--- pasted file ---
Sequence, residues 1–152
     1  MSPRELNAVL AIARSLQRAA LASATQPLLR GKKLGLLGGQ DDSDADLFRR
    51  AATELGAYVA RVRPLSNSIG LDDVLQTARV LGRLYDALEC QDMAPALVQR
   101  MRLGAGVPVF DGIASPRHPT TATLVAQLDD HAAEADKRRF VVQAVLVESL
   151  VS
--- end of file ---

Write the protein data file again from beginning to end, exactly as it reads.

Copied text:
Sequence, residues 1–152
     1  MSPRELNAVL AIARSLQRAA LASATQPLLR GKKLGLLGGQ DDSDADLFRR
    51  AATELGAYVA RVRPLSNSIG LDDVLQTARV LGRLYDALEC QDMAPALVQR
   101  MRLGAGVPVF DGIASPRHPT TATLVAQLDD HAAEADKRRF VVQAVLVESL
   151  VS